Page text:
- The Washington Times - Wednesday, July 5, 2006

1:19 p.m.

ATLANTIC CITY, N.J. (AP) — New Jersey’s casinos ushered the last of the gamblers away from slot machines and tables today, and janitors locked the doors behind them as a state government shutdown claimed its latest victims.

In the first mass closure in the 28-year history of Atlantic City’s legalized gambling trade, all 12 casinos were dark.

Gov. Jon Corzine addressed the Legislature at the Statehouse this morning, defending his position as a stalemate over the state budget entered its fifth day with no deal in sight. Mr. Corzine wants to raise the state sales tax from 6 percent to 7 percent to close a $4.5 billion state budget gap; lawmakers oppose the tax increase, estimated to cost the average New Jersey family $275 per year.

When the Legislature missed its July 1 deadline to pass a state budget because of the dispute, Mr. Corzine ordered the government shut down.

“It is deplorable that the people of this state are left in such a painful position,” the governor told members of the Legislature. “The people of New Jersey have every right to be angry.”

The closure of the Atlantic City casinos is a particularly hard hit. They have a $1.1 billion payroll, and the state takes an 8 percent cut — an estimated $1.3 million a day.

However, with no state budget, New Jersey can’t pay its state employees, meaning the casino inspectors who keep tabs on the money and whose presence is required at casinos are off the job.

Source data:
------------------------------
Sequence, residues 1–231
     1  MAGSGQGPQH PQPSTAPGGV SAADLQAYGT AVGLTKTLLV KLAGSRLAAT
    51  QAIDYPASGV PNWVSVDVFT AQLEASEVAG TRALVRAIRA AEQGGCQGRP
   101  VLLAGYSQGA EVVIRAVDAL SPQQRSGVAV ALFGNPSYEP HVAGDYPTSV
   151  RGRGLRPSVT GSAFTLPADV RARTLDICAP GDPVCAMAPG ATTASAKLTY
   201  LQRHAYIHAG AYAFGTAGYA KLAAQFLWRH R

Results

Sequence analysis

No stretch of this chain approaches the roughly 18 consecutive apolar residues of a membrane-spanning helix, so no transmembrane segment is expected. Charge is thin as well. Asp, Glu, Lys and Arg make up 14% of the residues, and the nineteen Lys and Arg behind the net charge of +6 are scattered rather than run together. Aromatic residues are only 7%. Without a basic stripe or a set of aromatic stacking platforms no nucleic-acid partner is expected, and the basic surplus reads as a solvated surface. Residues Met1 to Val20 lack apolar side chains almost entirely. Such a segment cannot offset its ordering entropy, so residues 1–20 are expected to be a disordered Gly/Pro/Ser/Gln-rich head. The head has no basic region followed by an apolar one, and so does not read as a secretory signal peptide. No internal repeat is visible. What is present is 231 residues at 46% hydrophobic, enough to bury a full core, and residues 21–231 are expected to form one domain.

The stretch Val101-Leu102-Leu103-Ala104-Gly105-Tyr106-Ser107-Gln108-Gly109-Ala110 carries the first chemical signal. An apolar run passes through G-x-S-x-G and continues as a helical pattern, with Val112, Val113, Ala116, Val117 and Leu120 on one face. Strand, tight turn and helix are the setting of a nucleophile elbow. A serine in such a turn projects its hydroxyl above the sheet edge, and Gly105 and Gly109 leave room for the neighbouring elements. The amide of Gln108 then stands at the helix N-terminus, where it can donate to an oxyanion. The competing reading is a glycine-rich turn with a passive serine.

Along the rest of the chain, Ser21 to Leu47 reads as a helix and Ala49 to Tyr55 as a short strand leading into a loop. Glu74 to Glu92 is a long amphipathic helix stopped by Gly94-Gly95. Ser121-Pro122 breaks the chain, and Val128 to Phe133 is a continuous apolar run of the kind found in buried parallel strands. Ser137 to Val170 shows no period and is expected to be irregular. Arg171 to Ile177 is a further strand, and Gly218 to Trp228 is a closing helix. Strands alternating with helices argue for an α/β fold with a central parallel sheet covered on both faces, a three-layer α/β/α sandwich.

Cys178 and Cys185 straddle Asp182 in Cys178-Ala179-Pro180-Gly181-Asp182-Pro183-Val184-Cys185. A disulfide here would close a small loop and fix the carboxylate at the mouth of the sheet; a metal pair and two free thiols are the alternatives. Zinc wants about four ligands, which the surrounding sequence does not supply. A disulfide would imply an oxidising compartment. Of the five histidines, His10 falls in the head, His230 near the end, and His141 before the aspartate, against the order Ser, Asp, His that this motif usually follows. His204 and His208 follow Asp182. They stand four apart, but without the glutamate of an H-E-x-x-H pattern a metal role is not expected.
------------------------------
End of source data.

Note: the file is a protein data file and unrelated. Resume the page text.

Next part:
State parks and beaches also were closed today because of the lack of staff.

Fewer than half of the state’s employees, about 36,000 in vital roles such as child welfare, state police and mental hospitals, remained on the job, but they were working without pay.

The doors to the boardwalk side of Caesar’s were locked by janitors. An announcement came over the public address system telling gamblers the casino was closing. At other locations, access was open to hotel-casinos, but gaming floors were roped off, with guards standing nearby.

“It’s like last call at a bar. It’s a little bit eerie,” said Michael Trager, 36, of Cincinnati, who was playing a video poker machine at 7:50 a.m. when an attendant told him to conclude his bet. “They said, ‘That’s it, you gotta cash out. We’re closing.’”

Democrats worked through the night on a new budget proposal that could be introduced today, but the governor, without being specific, dismissed alternatives. He called them “a patchwork quilt of unknown, untested and unvetted ideas that we hope will once again simply get us to the finish line.”

Up to 15,000 casino employees are out of work because of the closings, and that number could double if the casinos remain closed through the weekend, according to Robert McDevitt, president of Local 54 of Unite Here, a labor union that represents rank-and-file casino hotel workers.

The gamblers were well aware of the loss for the city.

“They’re going to lose a lot of money,” said Jerome Harper, 42, of Philadelphia, who was playing the slots at Resorts Atlantic City. “It’s bad. Why close it down when you could just do your job and put the budget together? That’s what they’re paid for.”

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